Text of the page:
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Neither You nor Your Work Has to be Perfect

ashleemboyer profile image Ashlee (she/her) Originally published at ashleemboyer.com Updated on ・2 min read

This post is also over on my personal blog.

Let's face it: nothing you make will ever be absolutely perfect. Some people may not like the final product. Maybe you could remove a paragraph or two from your blog post or reword a few sentences. Your code could probably be refactored in a few different places. That drawing might look cleaner if you erase a couple of smudges.

We all know what happens to projects once we start falling down these rabbit holes. "I'll just spend a couple of minutes fixing this little thing," can turn into a few hours or longer if you're not careful. In my experience with code, it could take even longer because you might accidentally break something totally different while trying to clean up a few functions.

Obviously, there's a time and a place for everything. Projects put you through various phases of pressure. Sometimes, you don't have the chance to make the code as beautiful as you want. Functionality is almost always more important because your client probably won't ever see your code. All they care about is that their product works well. So, when it comes time to punch, try not to worry too much about making the code perfect.

Rather, make some quick notes about where the code needs some help and what you might to do make it better. Hopefully, you can go back later and make the improvements, but if that isn't the case, you can either pass those notes along to the next person or use them to explain what you learned about the project experience. People expect you to learn more than anything. They will value the experience you have to share.


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Discussion (24)

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latheresienne profile image
Latheresienne

I totally agree!

Putting this words in practice can be very hard for 'perfectionist'. I wrote from a book about Pomodoro technique that "perfectionism is [a sort of] proscratination".
Thanks for this useful article!

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ashleemboyer profile image
Ashlee (she/her) Author

So happy you enjoyed!

I'm definitely a perfectionist. It can be both a strength and a weakness! Letting go of things I can't perfect is sometimes painful, but I'm working on it. There is hope. 😊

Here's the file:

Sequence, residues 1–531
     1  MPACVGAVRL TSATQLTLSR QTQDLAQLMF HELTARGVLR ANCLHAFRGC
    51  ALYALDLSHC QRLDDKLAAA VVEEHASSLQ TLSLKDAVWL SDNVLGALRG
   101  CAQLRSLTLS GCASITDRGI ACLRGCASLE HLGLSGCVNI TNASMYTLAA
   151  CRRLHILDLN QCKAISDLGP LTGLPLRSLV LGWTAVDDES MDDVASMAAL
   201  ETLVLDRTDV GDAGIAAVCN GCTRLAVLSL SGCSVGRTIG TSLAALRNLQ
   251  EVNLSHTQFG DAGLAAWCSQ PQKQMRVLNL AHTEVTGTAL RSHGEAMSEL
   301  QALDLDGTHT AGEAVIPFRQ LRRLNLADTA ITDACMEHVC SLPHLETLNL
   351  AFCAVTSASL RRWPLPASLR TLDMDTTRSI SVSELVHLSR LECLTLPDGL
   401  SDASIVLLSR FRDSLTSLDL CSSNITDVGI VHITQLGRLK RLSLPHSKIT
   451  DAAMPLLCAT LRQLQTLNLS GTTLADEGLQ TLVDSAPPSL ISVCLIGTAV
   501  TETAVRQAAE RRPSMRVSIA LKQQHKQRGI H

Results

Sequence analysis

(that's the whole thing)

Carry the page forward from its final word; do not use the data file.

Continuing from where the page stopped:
I remember reading an interesting take on perfectionism as a form of procrastination... if you have any links about it, would love to read more!

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cubiclebuddha profile image
Cubicle Buddha

Great article. I really enjoyed it — especially the pragmatism of “a time and a place.” By the way, I also struggle with perfectionism as procrastination. I have an article coming up in my queue about it.

Here’s a sampling:
“Every one of us has the tendency to run. We have run all of our lives, and we continue to run into the future where we think that some happiness may be waiting.”
~ Thich Nhat Hanh

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ashleemboyer profile image
Ashlee (she/her) Author

Awesome! I'm following you now so I can be sure to see it. Now I really need to find the post I've read about perfectionism/procrastination. It's a fascinating concept.

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cubiclebuddha profile image
Cubicle Buddha

Yes, I’d love to read that article if you can find it. I have a couple of references in my article because I always like having citations. But yea, perfectionism is probably pretty common in our industry since we’re asked to “make it always work.” That’s why I’m so fascinated by trying to fail as a way of learning. :) “Failing fast” is basically the core of mindfulness and engineering (as far as I can tell). I see you’re a lover of learning too! So I’m excited to follow back and to read your future writings. :)

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ashleemboyer profile image
Ashlee (she/her) Author

I want to read more about this "failing fast" thing! My life changed when my therapist told me about mindfulness about 3 years ago, so I'm especially interested now.

Here's a link. It's not exactly what I saw before, but I think it does a pretty good job of explaining the concepts. What I saw before must have been a tumblr screenshot or somthing.

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latheresienne profile image
Latheresienne • Edited

I don't have the link. The book's title is Pomodoro Techniques Illustrated

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gregorgonzalez profile image
Gregor Gonzalez

I thought I was the only one.

Sometimes I spent weeks analyzing "the best way" to do something and ended up doing nothing in time.

But yes, I learned a lot, I took great care of the code and avoided many errors and future mistakes.

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ashleemboyer profile image
Ashlee (she/her) Author

You're definitely not the only one! I think it's an industry-wide thing. Many people are afraid to make mistakes for fear of looking unintelligent. Learning is what's important.